I am desperately interested in "weaning myself off orthotics". In my case the damage has already been done --arch pain, heel pain (PF) and Morton's neuroma, all caused, by (in order) years of carrying big packs up big moutains, shoe salesmen, insole salesmen and podiatrists. Please comment further on your approach/success in bare-footing your way off the orthotic merry-go-round, especially, your observations on Vibram 5-fingers.
Better late than never!
How have things been going weaning off orthotics?
Well. I haven't used them in a very long time so I count what I have been doing a success. My shoes are lighter and, baring minor things, I have not been really injured since getting rid of them. This does not mean that all my pronation issues have gone, a fact that every shoe fitter remarks upon when finding shoes for me to try. The smartest one I know looked at me and said "Well, it is obviously working for you so . . ."
I bought a pair this summer and spent quite a bit of time walking around in them (couldn't quite bring myself to wear them everywhere, everywhere like the ballet or the opera as I have seen others doing). They are amazingly comfortable and joy to wear, great way to strengthen your feet and ankles as well as slowly rebuilding your arches AND working on form. TheVFF's are a bit chilly though and I need to get a slightly bigger pair so I can wear toe socks in them.
I have not yet used the Five Fingers for significant running for three reasons:
First, there is a potential toe-hooking problem. Catching my feet on random rocks and roots and peeling a toe away at speed, gives me the willies. My solution has been to use more minimalist running shoes (Inov8 295's). This summer I caught a left foot on a piece of rebar stealthily sticking up out of the trail and ripped my trail shoe wide open. Judging what happened to the shoe, this would have been much worse without its protection.
Second, my running mechanics are hampered by my size. I am a larger runner and, though strong, my weight does mean that I am less agile. Proponents of barefooting would argue that running barefoot would be the way to solve this problem and that size ultimately would not matter. I tend to agree with this but am in the middle of the transition process, a process that has its fits and starts.
Third, as you can guess from the narrative on this blog, I take things like this very slowly so as to minimize injury possibility. There was an article in Northwest Runner a few months ago had sports doc writing about increased incidences of barefooting injuries. In her 11/18/10 comment, Sarah makes the same point and that she is mixing shoes, taking it slowly, and "babying" her feet. She is right, there is no sense in trading one set of injuries for another.
What I have had to do is unlearn bad form habits AND strengthen my whole body instead of focusing on fixing the local problem (pronation). This, I guess, is my most important discovery. Yoga and massage has helped me keep things loose.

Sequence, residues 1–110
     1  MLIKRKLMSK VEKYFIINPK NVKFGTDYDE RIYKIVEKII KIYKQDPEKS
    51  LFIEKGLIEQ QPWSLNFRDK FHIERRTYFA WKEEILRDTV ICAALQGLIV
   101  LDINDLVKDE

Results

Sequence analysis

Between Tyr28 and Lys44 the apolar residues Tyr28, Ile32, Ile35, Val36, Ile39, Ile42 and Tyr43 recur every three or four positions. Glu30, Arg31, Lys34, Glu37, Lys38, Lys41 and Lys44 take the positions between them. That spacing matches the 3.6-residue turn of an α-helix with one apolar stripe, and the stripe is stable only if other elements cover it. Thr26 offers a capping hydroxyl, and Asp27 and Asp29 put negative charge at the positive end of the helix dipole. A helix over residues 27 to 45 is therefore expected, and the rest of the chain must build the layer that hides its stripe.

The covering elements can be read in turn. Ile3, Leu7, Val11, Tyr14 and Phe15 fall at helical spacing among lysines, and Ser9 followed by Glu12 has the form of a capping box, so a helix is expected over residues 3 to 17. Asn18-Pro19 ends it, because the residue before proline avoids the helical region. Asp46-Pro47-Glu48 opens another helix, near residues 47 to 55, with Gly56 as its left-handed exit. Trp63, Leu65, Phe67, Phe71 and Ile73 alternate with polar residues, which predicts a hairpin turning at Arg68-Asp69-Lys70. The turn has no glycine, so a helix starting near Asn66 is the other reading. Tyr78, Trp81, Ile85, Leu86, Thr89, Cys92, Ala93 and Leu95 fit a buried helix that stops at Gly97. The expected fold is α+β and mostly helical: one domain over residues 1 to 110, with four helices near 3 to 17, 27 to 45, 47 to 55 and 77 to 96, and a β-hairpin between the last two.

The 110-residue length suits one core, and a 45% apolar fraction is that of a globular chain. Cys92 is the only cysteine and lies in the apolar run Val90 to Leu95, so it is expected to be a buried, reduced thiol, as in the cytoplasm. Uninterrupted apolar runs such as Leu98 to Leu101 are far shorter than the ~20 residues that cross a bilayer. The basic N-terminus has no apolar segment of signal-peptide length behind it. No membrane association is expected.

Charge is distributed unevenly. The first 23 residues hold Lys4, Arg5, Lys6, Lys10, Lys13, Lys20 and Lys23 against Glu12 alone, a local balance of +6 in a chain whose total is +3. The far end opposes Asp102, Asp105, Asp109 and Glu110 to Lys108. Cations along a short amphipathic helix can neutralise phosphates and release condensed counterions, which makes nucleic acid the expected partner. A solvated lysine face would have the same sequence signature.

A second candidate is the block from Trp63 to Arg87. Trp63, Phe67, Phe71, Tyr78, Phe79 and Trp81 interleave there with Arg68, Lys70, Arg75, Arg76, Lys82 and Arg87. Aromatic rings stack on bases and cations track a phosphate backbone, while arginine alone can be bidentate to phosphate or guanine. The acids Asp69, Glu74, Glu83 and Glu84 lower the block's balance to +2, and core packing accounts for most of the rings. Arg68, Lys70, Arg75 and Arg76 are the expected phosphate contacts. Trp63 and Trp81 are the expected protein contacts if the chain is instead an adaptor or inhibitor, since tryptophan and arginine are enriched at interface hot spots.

I have some questions for you:
Have you experimented at all with yoga and massage as a way of releasing some of the tensions in your feet, etc.? Having a conversation with yoga instructors and massage therapists about what can be done would be a good starting place. Finding someone who can carefully work with you on these issues and customize their approach is particularly important. I have found that yoga helped with balance, core strength, and flexibility, all things necessary for good form. It seems to me that nothing you do will matter much without this.
What have you done to work on your form? In Our Own Devices: How Technology Remakes Humanity (2009), Edward Tenner explores the ways that shoe technologies alter the human body. Orthotics, not to mention our shoes, force a fix. Why not change your form in such a way that a "forced fit" is no longer necessary? There are many ways of doing this besides yoga. Feldenkrais helps you become hyper-aware of what you are doing and uses the slightest of adjustments to render change. Chi Running is an interesting approach designed to help you with alignment and that "light and easy" style Sarah mentions. It does so by increasing body awareness and working to change what feels normal. Danny Dryer, founder of Chi Running, makes the point that shoes do not matter if one adopts a "barefoot" style. It strikes me that what Dreyer advocates is very much like what happens in cultures that rely on minimalist footwear. I have found Jim Hansen's post on these techniques and others quite useful.
The bottom line is to find what works for you and to stick with it over time. Align and relax your body and then your feet will eventually follow.
Five Fingers and other minimalist shoes become an afterthought once you've done that.
I hope this helps.